PEN Malaysia is deeply concerned by the selective targeting of Malaysian journalist Tashny Sukumaran by the authorities for her report in the South China Morning Post on 1 May 2020 headlined Coronavirus: Hundreds arrested as Malaysia cracks down on migrants in COVID-19 red zones.
On 2 May 2020, she received a telephone call from the Royal Malaysian Police summoning her to Malaysian Police Headquarters on Wednesday 6 May 2020. A police report had been filed stating that she was to be investigated under Section 504 of the Penal Code and Section 233 of the Communications and Multimedia Act for her reporting on an immigration raid in downtown Kuala Lumpur. Sukumaran’s article stated that women and children as young as four years were being detained, handcuffed and sent to immigration detention centres.
Sukumaran went to the COVID-19 red zone on 1 May 2020 and spoke to policemen, reporters, and workers who were outside the area. She then posted updates to Twitter and filed the story for the South China Morning Post. Other local media also carried the story but no action has been taken against them. The story has since been picked up and carried in the press worldwide. Section 504 of the Penal Code carries a penalty of up to two years imprisonment for an “intentional insult with intent to provoke a breach of the peace.” Section 233 of the Communications and Multimedia Act imposes a penalty of up to one year imprisonment for “improper use of network facilities or network service.”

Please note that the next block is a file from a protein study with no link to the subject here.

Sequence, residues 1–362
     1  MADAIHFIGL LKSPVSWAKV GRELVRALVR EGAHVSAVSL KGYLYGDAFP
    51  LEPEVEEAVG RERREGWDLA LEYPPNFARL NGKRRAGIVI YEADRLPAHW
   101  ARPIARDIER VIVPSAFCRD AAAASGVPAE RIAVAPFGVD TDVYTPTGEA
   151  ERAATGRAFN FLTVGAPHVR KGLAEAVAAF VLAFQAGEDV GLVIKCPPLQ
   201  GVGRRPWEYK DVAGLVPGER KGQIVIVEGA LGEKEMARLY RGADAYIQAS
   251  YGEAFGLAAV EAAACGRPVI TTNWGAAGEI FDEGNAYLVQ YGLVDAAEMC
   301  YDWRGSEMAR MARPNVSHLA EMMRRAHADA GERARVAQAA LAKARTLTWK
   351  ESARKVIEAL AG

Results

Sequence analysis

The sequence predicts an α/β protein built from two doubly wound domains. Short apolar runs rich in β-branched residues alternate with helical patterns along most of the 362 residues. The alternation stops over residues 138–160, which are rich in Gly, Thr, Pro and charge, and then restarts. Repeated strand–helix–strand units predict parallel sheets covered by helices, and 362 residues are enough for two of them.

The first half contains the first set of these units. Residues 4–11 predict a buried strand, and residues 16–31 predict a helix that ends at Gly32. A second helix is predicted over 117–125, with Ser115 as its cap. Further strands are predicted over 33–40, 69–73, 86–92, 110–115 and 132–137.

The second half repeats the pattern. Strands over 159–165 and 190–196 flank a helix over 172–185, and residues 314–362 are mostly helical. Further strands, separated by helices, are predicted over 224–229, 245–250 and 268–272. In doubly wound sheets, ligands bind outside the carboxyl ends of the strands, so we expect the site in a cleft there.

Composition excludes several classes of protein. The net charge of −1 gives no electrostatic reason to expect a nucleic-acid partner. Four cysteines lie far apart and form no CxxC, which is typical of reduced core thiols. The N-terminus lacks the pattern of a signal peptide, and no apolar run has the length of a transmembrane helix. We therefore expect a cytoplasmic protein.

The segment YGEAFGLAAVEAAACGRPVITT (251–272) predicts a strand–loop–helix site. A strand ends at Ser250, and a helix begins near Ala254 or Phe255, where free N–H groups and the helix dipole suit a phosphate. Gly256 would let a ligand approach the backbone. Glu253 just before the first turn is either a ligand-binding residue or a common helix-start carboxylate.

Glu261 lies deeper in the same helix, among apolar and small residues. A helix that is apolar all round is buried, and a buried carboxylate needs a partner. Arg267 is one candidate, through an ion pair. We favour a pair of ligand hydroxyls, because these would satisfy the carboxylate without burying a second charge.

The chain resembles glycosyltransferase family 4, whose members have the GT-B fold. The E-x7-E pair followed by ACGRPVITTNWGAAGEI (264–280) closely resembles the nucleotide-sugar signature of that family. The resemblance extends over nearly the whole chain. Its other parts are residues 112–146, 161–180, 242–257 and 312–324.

Pro tem President of PEN Malaysia, Bernice Chauly, said “The targeting and harassment of a journalist is a violation of press freedom. We call on the Malaysian police and government to allow journalists to do their jobs without fear of harassment, however controversial the story. Journalists must be able to report truths during this unprecedented crisis and this action is seen as a clear abuse of power from the authorities. PEN Malaysia is very concerned as to the treatment of migrants and refugees during this crisis and we urge the Malaysian authorities to respect human rights in all instances.”
Salil Tripathi, PEN International Writers in Prison Committee Chair urged the Malaysian authorities to drop all investigations and charges against Tashny Sukumaran. He added, “this comes at a time when politicians and commentators in Malaysia have been using inflammatory rhetoric against immigrant communities, singling them out for the spread of COVID-19, a pandemic that affects everyone and has no single source. Sukumaran has been reporting on the climate of fear and intimidation, and she is being harassed now for performing her duty. The authorities surely have better priorities than attacking messengers around World Press Freedom Day.”
PEN International and PEN Malaysia will continue to monitor developments closely.